The role of leaf traits and bird-mediated insect predation on patterns of herbivory in a semiarid environment in central Mexico
Background. In arid environments plants face aridity and herbivory, therefore it has been proposed that both are convergent selective forces. However the drivers of insect herbivory in these ecosystems remain poorly understood.
Question. Does insect herbivory vary in two plant associations subject to different levels of aridity? To what extent differences in herbivory are determined either by foliar traits, or predation by birds?
Study species. Citharexylum tetramerum, Viguiera pinnatilobata, and Solanum tridynamum.
Study site. We compared two-plant associations: the mezquital with a closed canopy and wettest conditions and the tetechera a dry place with an open canopy at the Zapotitlán Valley, México.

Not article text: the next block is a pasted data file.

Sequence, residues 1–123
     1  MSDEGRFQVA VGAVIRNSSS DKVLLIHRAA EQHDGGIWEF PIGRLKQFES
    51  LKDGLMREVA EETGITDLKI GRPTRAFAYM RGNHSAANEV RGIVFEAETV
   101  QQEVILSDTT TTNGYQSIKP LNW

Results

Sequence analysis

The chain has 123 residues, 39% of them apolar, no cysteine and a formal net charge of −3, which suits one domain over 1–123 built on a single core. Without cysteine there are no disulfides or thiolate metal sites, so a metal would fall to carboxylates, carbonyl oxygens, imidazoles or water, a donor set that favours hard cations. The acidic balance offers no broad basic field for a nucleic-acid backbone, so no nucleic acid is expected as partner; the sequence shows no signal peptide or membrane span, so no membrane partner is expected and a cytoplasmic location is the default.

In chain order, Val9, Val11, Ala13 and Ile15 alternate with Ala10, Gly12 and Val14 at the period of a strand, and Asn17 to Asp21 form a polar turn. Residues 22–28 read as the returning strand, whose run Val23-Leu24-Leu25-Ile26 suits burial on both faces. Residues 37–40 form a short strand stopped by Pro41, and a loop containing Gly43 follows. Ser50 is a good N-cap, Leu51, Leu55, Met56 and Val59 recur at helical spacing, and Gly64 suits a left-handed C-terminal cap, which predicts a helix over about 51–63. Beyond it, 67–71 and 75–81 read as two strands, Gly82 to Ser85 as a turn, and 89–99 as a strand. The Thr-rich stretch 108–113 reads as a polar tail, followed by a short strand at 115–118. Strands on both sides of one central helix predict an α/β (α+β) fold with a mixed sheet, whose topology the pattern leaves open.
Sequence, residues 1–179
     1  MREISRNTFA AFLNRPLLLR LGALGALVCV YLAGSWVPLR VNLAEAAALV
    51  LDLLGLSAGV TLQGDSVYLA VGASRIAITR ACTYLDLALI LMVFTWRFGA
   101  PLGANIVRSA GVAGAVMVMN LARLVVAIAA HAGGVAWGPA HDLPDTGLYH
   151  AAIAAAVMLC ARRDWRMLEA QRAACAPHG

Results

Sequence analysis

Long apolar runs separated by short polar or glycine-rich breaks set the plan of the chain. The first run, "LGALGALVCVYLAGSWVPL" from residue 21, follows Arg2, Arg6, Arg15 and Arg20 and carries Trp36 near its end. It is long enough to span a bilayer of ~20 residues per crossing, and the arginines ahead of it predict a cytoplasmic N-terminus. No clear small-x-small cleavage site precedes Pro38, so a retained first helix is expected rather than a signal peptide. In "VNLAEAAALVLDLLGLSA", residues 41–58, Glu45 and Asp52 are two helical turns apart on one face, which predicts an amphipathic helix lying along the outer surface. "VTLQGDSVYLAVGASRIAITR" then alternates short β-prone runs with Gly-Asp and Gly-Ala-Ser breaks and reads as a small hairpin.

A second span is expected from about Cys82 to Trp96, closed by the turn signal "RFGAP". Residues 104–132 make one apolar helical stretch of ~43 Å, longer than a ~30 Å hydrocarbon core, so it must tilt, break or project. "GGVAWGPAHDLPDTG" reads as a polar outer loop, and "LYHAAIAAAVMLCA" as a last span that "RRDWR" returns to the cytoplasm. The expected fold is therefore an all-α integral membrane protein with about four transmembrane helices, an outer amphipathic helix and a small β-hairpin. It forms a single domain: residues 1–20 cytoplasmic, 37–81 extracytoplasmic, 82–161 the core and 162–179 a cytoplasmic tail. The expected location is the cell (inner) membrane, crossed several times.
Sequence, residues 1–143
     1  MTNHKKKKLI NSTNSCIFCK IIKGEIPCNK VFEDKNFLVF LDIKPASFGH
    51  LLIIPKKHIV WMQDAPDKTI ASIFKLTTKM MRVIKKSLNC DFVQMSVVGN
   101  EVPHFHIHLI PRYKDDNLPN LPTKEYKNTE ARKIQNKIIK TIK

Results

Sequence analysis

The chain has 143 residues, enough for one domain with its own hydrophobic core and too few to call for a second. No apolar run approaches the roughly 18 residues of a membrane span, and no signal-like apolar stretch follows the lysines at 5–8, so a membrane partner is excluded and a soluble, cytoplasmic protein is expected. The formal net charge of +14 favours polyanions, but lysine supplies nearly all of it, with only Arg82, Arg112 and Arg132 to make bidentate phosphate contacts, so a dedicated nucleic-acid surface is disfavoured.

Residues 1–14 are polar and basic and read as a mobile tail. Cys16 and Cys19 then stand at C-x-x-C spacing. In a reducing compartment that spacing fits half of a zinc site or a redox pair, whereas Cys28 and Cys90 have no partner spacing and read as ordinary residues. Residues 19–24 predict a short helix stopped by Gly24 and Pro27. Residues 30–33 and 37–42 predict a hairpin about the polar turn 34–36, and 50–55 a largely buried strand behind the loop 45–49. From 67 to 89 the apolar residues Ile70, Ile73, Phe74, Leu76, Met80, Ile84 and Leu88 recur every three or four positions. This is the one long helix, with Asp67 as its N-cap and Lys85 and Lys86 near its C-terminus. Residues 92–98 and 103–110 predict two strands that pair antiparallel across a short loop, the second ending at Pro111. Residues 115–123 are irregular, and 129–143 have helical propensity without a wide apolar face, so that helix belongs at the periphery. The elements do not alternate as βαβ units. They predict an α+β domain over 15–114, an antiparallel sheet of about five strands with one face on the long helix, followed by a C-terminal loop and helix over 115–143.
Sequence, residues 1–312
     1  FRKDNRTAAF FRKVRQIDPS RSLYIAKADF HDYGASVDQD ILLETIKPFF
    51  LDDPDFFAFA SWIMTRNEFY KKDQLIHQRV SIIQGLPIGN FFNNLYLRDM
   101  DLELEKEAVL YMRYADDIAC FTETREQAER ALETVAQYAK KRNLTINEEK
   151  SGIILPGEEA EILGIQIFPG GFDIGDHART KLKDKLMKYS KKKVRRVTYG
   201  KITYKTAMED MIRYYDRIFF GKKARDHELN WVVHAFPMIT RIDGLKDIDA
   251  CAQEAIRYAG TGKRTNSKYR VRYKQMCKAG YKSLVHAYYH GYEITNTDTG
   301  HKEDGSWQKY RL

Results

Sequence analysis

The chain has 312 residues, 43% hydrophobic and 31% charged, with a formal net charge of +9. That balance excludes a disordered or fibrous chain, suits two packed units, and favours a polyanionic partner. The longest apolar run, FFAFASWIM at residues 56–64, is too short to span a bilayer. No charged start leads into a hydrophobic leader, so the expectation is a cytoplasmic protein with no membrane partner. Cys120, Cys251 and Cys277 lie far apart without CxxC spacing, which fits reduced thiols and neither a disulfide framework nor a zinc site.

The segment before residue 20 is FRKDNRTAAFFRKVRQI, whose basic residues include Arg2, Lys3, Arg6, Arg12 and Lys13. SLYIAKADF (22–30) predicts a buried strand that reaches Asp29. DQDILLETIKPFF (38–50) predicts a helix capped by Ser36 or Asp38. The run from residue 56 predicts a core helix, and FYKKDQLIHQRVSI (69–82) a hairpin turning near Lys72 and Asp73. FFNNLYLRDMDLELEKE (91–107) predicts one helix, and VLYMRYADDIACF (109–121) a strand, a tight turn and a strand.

Methods. We evaluated leaf traits (N, C, water content, leaf strength and trichomes), herbivore insects abundance and the effects on herbivory when some predators are excluded.
Results. Herbivory was higher in the drier site (tetechera) than in the more humid one (mezquital) in one year but not in the second one. In both plant associations herbivory increased when predators of herbivores were excluded. Plants in mezquital had more water and nitrogen content than plants in tetechera. The later had higher carbon concentration and carbon:nitrogen ratio, leaf strength and density of trichomes. Abundance of herbivore insects and insect predation were higher in the most arid site.
Conclusions. Our results show that insect herbivory increases in the most arid site and that predation by birds plays a role as a driver of herbivory, while resistance to aridity seems to be the main driver of leaf structural characteristics.
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